Innovative quantitative testing of hand function in Charcot-Marie-Tooth neuropathy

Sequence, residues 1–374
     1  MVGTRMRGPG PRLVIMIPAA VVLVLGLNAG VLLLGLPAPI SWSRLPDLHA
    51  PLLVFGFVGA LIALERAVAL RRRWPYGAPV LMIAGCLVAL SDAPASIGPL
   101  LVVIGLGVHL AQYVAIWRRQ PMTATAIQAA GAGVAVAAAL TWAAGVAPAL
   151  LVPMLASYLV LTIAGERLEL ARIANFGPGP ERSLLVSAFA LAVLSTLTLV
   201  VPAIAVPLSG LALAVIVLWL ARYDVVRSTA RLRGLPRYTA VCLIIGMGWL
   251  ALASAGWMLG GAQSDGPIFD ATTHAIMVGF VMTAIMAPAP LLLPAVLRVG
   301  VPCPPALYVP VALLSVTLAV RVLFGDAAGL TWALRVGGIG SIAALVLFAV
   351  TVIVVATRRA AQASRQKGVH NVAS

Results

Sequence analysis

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To describe a new test to quantitatively evaluate hand function in patients affected by Charcot-Marie-Tooth neuropathy (CMT). The sensor-engineered glove test (SEGT) was applied to CMT patients (N: 26) and compared with a cohort of healthy controls (HC, N: 26). CMT patients were further divided into subjects with clinically normal (group 1) or impaired hand (group 2) function. The SEGT parameters evaluated were touch duration, inter-tapping interval, and movement rate parameters of two different sequences: finger tapping (FT) and index-medium-ring-little (IMRL) performed at self-paced mode (SPM) and maximum velocity (MV). Hand function and strength were assessed by the 9-hole peg test (9HPT) and dynamometry. Disability of patients was measured by the CMT neuropathy score. CMT patients had significantly worst performances at SEGT than controls regarding the rate of execution of both FT (at MV) and IMRL sequences (at SPM and MV). The rate parameter at MV in IMRL sequence showed a significant trend of decreasing in its average between HC (n: 26, rate = 3.08 ± 0.52 Hz), group 1 (n: 9, rate = 2.64 ± 0.66 Hz) and group 2 (n: 17, rate = 2.19 ± 0.45 Hz) (p for trend <0.001). No correlations were found with either 9HPT, dynamometry, electrophysiology, and the CMT neuropathy score. The SEGT test is sensitive to show hand dysfunction in CMT patients, with and without clinically impaired hands.

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